For years the Institute for Family Caregiving has been singing the praises of family caregivers as the unsung heroes of healthcare. Over 50 million of them toil day in and day out with the many tasks of taking care of another sick or disabled person. Over 34 million of them are taking care of an adult over the age of 50.
It is no secret that the population of people over the age of 50 is getting ready to explode. A tidal wave of baby boomers will reach ‘peak aging’ over the next decade, adding millions every year to the number of people needing assistance with some or all of the activities of daily living. Since there are fewer than 3 million total nursing home and assisted living beds in the U.S., it has been obvious for some time that most of these aging boomers would need to be cared for at home…primarily by family members.
What is mildly surprising is how long the government has anticipated this moment and has been preparing for it. Experimental and pilot projects in the “Hospital at Home” (HaH) program apparently date back to the mid 90’s—over 25 years! Hospital at Home says exactly what it does: build a fully equipped hospital room in the patient’s home. Borrowing heavily from countries with more accessible and equitable health care systems, the U.S. HaH concept will require acknowledgement of the key role played by unpaid family caregivers in the delivery of healthcare services. It will also be heavily dependent on technology to enable remote monitoring by scarce medical specialists. No wonder there is a huge push to get high-speed internet to every home. It’s not so you can stream Netflix!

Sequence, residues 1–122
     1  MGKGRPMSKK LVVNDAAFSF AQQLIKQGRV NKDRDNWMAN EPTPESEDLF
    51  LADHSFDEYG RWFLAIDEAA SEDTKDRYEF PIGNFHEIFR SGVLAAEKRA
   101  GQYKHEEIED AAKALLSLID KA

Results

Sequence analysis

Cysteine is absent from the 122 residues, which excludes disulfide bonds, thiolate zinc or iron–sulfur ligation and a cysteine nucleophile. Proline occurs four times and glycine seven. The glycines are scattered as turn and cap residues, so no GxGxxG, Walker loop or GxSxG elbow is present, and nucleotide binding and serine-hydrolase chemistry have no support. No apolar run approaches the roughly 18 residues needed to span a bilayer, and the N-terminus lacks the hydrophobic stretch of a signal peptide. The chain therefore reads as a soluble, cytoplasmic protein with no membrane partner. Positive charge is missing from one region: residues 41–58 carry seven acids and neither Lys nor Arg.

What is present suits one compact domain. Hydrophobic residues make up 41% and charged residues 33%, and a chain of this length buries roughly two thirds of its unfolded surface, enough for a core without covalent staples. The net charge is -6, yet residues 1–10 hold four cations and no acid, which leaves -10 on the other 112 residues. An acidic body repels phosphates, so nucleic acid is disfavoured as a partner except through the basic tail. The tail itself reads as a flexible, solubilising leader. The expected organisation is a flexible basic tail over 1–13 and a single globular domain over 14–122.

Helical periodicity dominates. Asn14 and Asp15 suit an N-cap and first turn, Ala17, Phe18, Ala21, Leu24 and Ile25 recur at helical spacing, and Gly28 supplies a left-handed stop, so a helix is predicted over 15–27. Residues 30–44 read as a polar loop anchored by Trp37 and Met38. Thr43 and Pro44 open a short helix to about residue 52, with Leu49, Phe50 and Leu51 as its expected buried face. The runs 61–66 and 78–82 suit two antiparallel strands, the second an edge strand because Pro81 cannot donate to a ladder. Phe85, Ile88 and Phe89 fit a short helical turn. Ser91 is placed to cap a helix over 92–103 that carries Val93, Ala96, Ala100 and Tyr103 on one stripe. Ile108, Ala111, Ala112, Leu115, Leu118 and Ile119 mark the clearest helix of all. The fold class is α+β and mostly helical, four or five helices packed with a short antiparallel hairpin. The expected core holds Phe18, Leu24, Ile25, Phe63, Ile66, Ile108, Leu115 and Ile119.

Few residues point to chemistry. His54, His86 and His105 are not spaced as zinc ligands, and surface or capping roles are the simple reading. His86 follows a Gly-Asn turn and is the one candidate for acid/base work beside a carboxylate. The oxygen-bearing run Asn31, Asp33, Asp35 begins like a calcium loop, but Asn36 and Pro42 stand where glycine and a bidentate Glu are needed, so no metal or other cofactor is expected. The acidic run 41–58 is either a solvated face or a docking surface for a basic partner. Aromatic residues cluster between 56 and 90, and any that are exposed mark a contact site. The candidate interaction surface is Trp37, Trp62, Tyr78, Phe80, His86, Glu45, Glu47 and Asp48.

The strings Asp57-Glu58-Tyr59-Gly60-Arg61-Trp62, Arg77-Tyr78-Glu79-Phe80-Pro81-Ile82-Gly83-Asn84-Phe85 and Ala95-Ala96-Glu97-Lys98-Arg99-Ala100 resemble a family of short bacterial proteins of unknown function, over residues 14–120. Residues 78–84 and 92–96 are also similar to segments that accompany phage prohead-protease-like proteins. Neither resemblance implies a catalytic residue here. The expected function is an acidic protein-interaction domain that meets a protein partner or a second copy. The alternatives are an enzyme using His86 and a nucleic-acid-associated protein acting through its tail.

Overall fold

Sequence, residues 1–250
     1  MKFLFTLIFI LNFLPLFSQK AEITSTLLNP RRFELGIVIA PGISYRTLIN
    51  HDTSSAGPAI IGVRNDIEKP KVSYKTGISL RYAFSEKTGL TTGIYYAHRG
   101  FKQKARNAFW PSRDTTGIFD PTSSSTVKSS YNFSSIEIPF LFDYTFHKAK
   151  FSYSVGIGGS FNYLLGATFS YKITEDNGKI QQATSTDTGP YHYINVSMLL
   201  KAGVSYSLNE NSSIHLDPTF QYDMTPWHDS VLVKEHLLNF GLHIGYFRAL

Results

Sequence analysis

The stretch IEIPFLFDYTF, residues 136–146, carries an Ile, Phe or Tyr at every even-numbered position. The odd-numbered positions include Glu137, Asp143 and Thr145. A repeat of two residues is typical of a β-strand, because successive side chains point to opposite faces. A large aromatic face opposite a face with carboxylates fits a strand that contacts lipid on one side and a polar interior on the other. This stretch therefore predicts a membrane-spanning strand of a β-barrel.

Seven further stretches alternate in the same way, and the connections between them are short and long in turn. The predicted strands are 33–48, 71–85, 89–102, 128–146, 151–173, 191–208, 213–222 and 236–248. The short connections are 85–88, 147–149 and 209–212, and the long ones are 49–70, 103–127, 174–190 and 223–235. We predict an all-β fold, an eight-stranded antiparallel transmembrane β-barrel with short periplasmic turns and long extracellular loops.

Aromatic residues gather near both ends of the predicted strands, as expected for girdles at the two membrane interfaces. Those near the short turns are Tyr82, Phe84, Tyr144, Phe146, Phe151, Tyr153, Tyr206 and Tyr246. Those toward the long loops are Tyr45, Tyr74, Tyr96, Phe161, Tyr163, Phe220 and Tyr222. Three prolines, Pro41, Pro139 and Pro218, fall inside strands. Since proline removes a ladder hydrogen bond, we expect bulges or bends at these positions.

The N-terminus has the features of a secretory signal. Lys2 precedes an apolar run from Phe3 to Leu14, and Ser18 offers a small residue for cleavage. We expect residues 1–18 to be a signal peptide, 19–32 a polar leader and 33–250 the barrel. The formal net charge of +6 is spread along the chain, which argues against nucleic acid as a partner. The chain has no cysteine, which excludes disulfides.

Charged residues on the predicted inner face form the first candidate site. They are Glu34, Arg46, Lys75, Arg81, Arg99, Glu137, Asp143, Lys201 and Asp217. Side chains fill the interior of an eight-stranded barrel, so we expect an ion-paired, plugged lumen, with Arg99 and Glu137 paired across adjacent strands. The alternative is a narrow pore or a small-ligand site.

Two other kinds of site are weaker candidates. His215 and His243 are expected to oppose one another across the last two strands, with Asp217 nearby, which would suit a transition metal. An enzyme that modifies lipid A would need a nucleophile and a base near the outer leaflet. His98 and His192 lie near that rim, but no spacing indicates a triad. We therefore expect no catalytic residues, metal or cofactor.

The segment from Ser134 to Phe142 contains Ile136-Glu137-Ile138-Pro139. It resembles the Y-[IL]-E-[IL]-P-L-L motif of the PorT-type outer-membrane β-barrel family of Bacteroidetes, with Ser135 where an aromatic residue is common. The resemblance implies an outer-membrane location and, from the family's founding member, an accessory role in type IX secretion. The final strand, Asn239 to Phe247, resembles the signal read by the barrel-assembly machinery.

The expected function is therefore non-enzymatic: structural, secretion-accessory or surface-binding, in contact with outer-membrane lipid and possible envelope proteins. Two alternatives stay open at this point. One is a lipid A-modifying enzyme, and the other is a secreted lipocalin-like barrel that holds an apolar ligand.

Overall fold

Hospital at Home acknowledges reality. There is no way to provide commercial long-term care for the 74 million boomers about to enter the final stages of their sunset years. Things get complicated for the 20% of elderly who live alone; that’s why community-based programs of support (also called friends and neighbors) will be important. At any rate, the healthcare system is about to get a crash course in figuring out how to interface with, relate to, and build trust among the millions of highly diverse families that now populate our nation. The ‘one size fits all’ approach of centralized medicine is obsolete. That’s the message from Covid-19 about our current hospital system, highlighting the vast inequity and disparity in medical care it has spawned.
Hospital at Home could be a real opportunity for more genuine equity in our healthcare system. That can ONLY happen if the manner of implementation at every level is culturally responsive. That means providing:
- Every home with equivalent infrastructure and equipment;
- Appropriate training for medical tasks;
- Training for family administered medical tasks;
- Culturally appropriate coaching, as well as ongoing support for family members engaged in caregiving;
- Paid family and medical leave for all.
Finally, there must be more minority ownership in this rebuild of the public health system, and more opportunity for minority entrepreneurs to become system providers. There can be no equity, no trust, without ownership.